As Catholics, the Sacraments can sometimes take precedence in our thinking, over and above the call to be ‘a good and faithful servant’ by ‘loving one another as I have loved you’.
Yet it’s just as important that we help to win others for Christ through our acts of Christian charity and service – for their sake even more than ours.
The whole Body of Christ, not just the head, must be empowered to fulfill the mission of the Gospel if we are to realize the genuine growth within the church.
The Catholic Volunteer Hub creates an opportunity for adults who are seeking to volunteer in a parish setting or an agency to participate in performing the Good Works of the Church and realize the objectives outlined in the Archdiocese Plan 2016 – 2021.
Volunteering for work in the Catholic Social Welfare sphere can provide volunteers with a valuable insight into the many problems people face within our community.
Volunteers will be able to participate in providing valuable service delivery to the disadvantaged within our community and to understand the central role Catholic agencies provide in these services.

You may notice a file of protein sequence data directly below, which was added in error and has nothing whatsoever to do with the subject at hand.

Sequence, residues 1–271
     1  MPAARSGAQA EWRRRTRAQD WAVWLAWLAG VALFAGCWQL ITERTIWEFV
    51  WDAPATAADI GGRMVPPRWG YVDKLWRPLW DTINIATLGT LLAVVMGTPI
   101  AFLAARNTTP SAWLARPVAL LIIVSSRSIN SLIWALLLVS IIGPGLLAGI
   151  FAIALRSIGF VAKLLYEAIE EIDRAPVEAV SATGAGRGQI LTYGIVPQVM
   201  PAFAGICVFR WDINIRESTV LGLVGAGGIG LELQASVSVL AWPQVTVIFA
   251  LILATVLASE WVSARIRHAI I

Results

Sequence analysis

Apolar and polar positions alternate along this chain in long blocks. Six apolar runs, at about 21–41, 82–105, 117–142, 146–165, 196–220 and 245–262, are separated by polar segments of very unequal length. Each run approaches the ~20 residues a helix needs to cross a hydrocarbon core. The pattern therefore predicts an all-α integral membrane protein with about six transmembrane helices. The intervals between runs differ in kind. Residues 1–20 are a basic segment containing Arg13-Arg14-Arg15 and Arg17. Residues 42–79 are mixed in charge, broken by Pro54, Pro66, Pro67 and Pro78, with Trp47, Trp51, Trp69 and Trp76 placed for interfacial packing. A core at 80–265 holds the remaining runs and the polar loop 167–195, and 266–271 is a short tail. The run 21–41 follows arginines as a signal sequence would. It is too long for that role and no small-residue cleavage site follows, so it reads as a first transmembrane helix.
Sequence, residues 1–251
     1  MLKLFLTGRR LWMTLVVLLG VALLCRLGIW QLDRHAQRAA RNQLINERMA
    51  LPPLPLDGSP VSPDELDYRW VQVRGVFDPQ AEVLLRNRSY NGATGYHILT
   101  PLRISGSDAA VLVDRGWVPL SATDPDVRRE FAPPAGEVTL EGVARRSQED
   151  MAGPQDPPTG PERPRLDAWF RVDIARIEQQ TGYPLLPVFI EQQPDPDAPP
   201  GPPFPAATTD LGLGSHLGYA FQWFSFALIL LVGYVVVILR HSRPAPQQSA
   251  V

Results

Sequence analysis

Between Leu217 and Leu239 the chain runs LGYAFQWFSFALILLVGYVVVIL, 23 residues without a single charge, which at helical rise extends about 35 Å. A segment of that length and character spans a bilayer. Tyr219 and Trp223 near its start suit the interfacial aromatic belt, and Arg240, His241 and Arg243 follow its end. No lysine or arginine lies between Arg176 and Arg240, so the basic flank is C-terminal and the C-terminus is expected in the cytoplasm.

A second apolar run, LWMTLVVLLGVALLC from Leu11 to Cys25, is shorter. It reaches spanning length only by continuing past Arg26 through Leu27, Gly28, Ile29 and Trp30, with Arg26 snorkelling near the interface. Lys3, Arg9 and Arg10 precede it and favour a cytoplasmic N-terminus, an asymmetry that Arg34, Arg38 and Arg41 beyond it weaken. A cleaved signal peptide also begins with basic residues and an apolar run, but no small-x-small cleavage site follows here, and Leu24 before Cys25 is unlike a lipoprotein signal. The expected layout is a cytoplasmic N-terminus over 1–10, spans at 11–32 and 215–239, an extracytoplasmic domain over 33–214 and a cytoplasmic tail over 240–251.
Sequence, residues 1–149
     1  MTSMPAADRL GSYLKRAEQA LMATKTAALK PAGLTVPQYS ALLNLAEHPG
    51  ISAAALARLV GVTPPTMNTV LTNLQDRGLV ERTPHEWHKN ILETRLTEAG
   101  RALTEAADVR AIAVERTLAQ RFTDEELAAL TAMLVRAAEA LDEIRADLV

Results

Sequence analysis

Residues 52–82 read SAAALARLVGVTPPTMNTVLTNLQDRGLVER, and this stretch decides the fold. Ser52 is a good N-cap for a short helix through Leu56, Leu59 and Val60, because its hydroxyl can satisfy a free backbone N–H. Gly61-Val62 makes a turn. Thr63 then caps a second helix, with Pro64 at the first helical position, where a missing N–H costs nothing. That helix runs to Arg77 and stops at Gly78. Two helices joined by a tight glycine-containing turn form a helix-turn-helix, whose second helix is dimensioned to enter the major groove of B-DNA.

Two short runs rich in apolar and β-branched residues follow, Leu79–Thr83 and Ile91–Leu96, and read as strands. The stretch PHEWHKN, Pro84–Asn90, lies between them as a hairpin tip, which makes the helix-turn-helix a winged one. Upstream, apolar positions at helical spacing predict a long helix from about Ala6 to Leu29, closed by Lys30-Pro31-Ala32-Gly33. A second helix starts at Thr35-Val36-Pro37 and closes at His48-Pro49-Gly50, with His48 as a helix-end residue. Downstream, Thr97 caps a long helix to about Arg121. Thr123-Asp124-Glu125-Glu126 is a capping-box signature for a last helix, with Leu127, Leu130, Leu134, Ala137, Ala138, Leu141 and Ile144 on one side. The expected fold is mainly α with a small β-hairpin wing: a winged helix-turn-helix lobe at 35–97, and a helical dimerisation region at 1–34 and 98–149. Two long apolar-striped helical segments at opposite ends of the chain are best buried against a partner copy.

The Volunteer Hub is open to anyone who would like to volunteer in a Catholic agency or parish, whether they are baptised or not, once acceptance is obtained from the agency or parish.
This ‘openness to persons of good will’ is part of what Pope Francis would call the ‘Social Friendship’ aspect of the Hub. After all was it not ‘Social Friendship’ that allowed the Good Samaritan in Luke’s Gospel to interrupt his journey, change his plans and unexpectedly come to the aid of an injured person who needed help.
Benefits of Volunteering
This is my commandment: that you love one another as I have loved you” – John 15:12
This quote from Jesus in the Gospel of John is talking about neighbourly love.
In everyday life, this is when a person reaches beyond their family, circle of friends or someone they know,
to help someone they have never met before, because that person is in need of assistance.
Such a spontaneous or intentional act of kindness can be a reward in itself for
both the person giving and the person receiving but what makes volunteering such a powerful form of neighbourly love
is that it is planned – the person deliberately makes themselves available to further the good of another.
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